ILLINOIS APPELLATE COURT THIRD DISTRICT JUDGMENT REVERSED.
OPINION FILED JUNE 14, 1978.
THE PEOPLE OF THE STATE OF ILLINOIS, PLAINTIFF-APPELLEE,
IRIS NICHOLS, DEFENDANT-APPELLANT.
APPEAL from the Circuit Court of Kankakee County; the Hon.
PATRICK M. BURNS, Judge, presiding.
MR. JUSTICE BARRY DELIVERED THE OPINION OF THE COURT:
This appeal was initiated by the defendant, Iris Nichols, from the judgment of the Circuit Court of Kankakee County, convicting the defendant of forgery and theft by deception and sentencing her to a term of imprisonment of not less than 1 nor more than 5 years. The indictment charging the defendant with committing these offenses on January 14, 1972, was returned on August 2, 1972. On the same date, the trial court ordered the indictment suppressed, and a criminal capias was issued. The capias was not returned until May 23, 1975.
A motion to dismiss the indictment on the ground that the defendant was denied the right to a speedy trial was filed. However, that motion was denied and the cause proceeded to a jury trial.
Prior to the jury's return of a verdict, the defendant moved for a mistrial or, in the alternative, for a dismissal of the indictment. Since the defendant was only 17 at the time she allegedly committed the offense, she contended that the State neglected to fulfill the statutory provisions for the prosecution of a juvenile pursuant to section 2-7 of the Juvenile Court Act (Ill. Rev. Stat. 1975, ch. 37, par. 702-7). The trial court took the motion under advisement. After the jury returned the guilty verdicts, a hearing was had on the motion. A certified copy of the defendant's birth certificate was admitted into evidence and indicated her date of birth to be June 11, 1954. The State conceded that it neither petitioned the juvenile court in this cause nor gave notice to the juvenile court. Nevertheless, the trial court, relying on People v. Ellis (1974), 57 Ill.2d 127, 311 N.E.2d 98, denied the defendant's motion.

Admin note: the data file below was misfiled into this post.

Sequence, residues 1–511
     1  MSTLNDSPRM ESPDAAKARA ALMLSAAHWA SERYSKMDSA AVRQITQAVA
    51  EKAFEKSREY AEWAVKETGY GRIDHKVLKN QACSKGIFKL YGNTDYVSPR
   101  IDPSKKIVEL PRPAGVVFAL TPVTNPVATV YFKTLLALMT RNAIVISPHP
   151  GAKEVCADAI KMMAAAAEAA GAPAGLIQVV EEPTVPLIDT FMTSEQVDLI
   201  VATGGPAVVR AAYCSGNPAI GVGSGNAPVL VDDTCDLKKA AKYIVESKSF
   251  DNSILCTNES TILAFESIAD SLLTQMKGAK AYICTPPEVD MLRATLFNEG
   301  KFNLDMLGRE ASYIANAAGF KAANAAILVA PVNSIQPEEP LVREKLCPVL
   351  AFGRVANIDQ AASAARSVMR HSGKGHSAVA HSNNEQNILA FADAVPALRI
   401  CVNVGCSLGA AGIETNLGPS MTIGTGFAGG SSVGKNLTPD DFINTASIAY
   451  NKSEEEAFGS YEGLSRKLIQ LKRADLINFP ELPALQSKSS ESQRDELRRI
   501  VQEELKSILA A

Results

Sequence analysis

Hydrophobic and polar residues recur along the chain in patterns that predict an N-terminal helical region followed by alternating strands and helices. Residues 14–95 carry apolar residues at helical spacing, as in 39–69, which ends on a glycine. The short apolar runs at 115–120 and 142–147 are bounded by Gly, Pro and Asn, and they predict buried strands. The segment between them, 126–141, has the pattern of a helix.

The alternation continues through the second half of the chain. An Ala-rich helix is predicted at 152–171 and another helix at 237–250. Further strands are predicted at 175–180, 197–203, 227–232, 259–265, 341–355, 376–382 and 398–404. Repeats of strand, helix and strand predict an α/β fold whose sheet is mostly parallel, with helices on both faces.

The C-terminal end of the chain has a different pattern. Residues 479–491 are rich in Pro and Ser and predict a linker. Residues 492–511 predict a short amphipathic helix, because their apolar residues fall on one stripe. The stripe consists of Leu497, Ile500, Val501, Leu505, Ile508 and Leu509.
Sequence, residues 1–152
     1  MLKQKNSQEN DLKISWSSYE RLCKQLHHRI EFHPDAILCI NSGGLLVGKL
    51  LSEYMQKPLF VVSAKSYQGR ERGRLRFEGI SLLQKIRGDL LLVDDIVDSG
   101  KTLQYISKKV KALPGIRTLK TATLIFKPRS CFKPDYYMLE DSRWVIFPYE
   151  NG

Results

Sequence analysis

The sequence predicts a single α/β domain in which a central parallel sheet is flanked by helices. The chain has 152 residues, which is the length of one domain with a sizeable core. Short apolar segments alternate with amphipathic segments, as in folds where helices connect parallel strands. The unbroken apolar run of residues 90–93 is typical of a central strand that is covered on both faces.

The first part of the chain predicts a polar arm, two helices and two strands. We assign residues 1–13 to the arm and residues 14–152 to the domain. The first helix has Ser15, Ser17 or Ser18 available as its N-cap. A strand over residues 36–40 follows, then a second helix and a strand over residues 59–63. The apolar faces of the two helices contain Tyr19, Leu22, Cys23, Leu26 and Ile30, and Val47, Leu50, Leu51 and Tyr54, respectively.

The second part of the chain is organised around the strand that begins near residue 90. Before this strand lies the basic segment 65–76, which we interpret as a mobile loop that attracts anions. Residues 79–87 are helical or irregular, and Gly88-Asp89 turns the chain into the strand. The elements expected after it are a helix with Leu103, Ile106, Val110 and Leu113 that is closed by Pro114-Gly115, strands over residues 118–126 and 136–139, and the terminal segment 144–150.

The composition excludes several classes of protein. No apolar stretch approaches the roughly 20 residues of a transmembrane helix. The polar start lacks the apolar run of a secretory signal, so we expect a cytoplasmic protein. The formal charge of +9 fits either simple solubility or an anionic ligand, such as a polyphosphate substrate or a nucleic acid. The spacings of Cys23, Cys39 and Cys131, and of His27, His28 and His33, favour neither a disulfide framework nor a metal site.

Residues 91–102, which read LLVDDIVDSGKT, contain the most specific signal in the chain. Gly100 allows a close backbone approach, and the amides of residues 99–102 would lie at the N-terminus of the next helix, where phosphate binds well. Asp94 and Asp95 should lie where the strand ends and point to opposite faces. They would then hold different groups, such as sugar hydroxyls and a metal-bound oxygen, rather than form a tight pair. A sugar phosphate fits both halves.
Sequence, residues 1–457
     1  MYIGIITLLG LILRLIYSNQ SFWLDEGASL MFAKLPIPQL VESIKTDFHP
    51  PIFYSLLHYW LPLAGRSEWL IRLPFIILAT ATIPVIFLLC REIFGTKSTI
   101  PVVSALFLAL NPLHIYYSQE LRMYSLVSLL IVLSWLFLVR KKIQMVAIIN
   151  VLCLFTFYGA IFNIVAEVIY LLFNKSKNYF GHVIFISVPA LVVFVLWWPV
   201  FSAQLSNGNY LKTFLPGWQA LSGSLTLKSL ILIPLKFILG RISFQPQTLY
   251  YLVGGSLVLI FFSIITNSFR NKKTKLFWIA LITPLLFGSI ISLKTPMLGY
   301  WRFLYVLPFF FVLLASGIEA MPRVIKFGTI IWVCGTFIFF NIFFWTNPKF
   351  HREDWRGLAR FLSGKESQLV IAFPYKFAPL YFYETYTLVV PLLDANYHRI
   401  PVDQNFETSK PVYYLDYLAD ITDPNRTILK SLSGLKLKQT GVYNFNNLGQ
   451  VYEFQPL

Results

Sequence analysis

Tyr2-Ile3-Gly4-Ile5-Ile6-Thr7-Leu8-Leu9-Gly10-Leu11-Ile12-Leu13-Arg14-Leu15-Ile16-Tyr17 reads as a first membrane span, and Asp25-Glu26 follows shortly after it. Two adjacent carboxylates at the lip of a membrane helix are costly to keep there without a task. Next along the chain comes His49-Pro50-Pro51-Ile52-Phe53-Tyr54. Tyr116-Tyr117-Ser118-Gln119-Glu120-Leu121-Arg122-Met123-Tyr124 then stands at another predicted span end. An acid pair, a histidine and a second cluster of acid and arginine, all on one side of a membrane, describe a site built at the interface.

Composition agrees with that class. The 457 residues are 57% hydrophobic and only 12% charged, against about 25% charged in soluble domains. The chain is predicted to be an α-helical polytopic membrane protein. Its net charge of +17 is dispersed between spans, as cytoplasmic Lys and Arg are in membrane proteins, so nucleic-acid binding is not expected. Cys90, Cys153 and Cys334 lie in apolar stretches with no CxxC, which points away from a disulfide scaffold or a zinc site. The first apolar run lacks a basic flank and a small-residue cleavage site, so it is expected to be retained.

1 Unless a petition, alleging the commission of an offense, is filed in the juvenile court, thereby giving the juvenile court judge an opportunity to object to a State's Attorney's determination of the court in which the minor is to be prosecuted, a juvenile can not be tried in a criminal proceeding. (People v. Rahn (1974), 59 Ill.2d 302, 319 N.E.2d 787.) Since the State argues that the interpretation of the law at the time of the indictment, pre-Rahn, allowed a State's Attorney more discretion to determine in which court to try a minor, the State implies that Rahn affects a substantive right and can not be applied retroactively. This argument is inconsistent with the State's express contention that the defendant can not challenge the trial court's retroactive application of Ellis because that case affects a procedural, rather than a substantive, right. However, we need not decide whether Rahn is a change of procedural or substantive rights because we find that a State's Attorney had no greater discretion before Rahn than he had afterwards. To exercise the discretion to determine in which court a minor was to be tried, a State's Attorney must have filed a petition in juvenile court. The cases cited by the State hold that the juvenile court need not have a hearing on the petition, but in both of those cases a petition was filed. Compare People v. Rahn (1974), 59 Ill.2d 302, 319 N.E.2d 787, with People v. Handley (1972), 51 Ill.2d 229, 282 N.E.2d 131, and People v. Bombacino (1972), 51 Ill.2d 17, 280 N.E.2d 697.